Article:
That he really was such became a surety when they both vanished together around the next corner. Edgar was being shadowed. Was I? I judged not; for on looking back I found the street to be quite clear.

Chapter 42

That night, the vision came for the third time of Orpha gazing intently down at her open palm. It held me; it gripped me till, bathed in sweat, I started up, assured at last of its actual meaning. It was the key, the missing key that was offered to my view in my darling’s grasp. She had been made the repositor of it—or she had found it—and did not know what to do with it. I saw it all, I was practical; above all else, practical.

However, I sent this letter to Mr. Jackson the next morning: “What have the police done about the key? Have they questioned Miss Bartholomew?” and was more restless than ever till I got the reply.

Nothing doing. Clarke acknowledges that Mr. Bartholomew carried a key around with him attached to a long chain about his neck. He had done so when Clarke first entered his service and had continued to do so ever since. But he never alluded to it but once when he said: “This is my secret, Clarke. You will never speak of it, I know.”

Asked when he saw it last, he responded in his blunt honest way, “The night he died. It was there when I prepared him for bed.” “And not when you helped the undertaker’s men to lay him out?” “No, I think I would have seen it or they would have mentioned it if it had been.”

Urged to tell whether he had since informed any one of the existence and consequent disappearance of this key, his reply was characteristic. “No, why should I? Did I not say that Mr. Bartholomew spoke of it to me as his secret?” “Then you did not send the letter received in regard to it?” His eyes opened wide, his surprise appeared to be genuine. “Who—” he began; then slowly and repeatedly shook his head. “I wrote no letter,” he asserted, “and I didn’t know that any one else knew anything about this chain and key.” “It was not written,” was the retort; at which his eyes opened wider yet and he shook his head all the more vigorously. “Ask some one else,” he begged; “that is, if you must know what Mr. Bartholomew was so anxious to have kept secret.” Still loyal, you see, to a mere wish expressed by Mr. Bartholomew.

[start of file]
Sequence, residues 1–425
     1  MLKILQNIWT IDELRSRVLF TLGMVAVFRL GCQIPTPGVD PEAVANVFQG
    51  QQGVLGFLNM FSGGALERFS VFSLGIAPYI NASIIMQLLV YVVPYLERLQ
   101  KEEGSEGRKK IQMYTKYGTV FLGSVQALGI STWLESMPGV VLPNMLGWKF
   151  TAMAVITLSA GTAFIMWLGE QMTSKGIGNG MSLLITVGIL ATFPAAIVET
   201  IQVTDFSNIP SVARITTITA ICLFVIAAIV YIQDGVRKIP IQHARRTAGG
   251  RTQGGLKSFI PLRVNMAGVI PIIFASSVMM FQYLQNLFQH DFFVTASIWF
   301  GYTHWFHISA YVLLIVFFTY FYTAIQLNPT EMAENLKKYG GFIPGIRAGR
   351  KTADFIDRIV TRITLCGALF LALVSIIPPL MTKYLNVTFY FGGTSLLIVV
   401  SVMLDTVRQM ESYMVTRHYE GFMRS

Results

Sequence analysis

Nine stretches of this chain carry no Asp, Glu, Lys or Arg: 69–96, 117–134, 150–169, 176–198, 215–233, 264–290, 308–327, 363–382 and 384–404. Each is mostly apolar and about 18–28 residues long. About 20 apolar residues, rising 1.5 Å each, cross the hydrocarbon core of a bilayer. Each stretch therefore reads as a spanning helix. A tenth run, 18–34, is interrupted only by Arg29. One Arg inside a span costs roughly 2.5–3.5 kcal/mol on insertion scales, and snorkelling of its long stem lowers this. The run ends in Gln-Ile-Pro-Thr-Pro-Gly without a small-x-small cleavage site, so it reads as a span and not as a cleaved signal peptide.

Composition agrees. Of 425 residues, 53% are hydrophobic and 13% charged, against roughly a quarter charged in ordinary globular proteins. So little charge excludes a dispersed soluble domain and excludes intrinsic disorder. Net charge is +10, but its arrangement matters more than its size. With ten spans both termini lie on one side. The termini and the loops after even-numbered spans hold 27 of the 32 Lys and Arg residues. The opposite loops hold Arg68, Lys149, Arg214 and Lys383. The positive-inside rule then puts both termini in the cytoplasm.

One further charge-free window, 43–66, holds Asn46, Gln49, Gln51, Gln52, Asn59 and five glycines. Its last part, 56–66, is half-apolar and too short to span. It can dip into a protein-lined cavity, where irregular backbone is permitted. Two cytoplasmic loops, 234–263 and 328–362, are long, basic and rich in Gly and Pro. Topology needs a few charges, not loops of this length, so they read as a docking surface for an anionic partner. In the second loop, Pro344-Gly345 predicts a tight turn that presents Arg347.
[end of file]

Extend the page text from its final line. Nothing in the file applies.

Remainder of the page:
I have given in detail this unofficial examination of the man who from his position as body servant must know better than any one else the facts about this key. But I can in a few words give you the result of questioning Miss Bartholomew and the woman Wealthy,—the only other two persons likely to share his knowledge. Miss Bartholomew was astonished beyond measure to hear that there was any such key and especially by the fact that he had carried it in this secret way about with him. Wealthy was astonished also, but not in the same way. She had seen the chain many times in her attendance upon him as nurse, but had always supposed that it supported some trinket of his dead wife, for whom he seemed to have cherished an almost idolatrous affection. She knew nothing about any key.

You may rely on the above as I was the unofficial examiner; also why I say “Nothing doing” to your inquiries about the key. But the police might have a different story to tell if one could overcome their reticence. Of this be sure; they are working as they never have worked yet to get at the core of this mystery and lift the ban which has settled over your once highly reputed family.

Chapter 43

So! the hopes I had founded upon my dream and its consequent visions had all vanished in mist. The clew was in other hands than Orpha’s. She was as ignorant now as ever of the existence of the key, concerning which I had from time to time imagined that she had had some special knowledge. I suppose I should have been thankful to see her thus removed from direct connection with what might involve her in unknown difficulties. Perhaps I was. Certainly there was nothing more that I could do for her or for any one; least of all for myself. I could but add one more to the many persons waiting, some in patience, some in indignant protest for developments which would end all wild guessing and fix the blame where it rightfully belonged.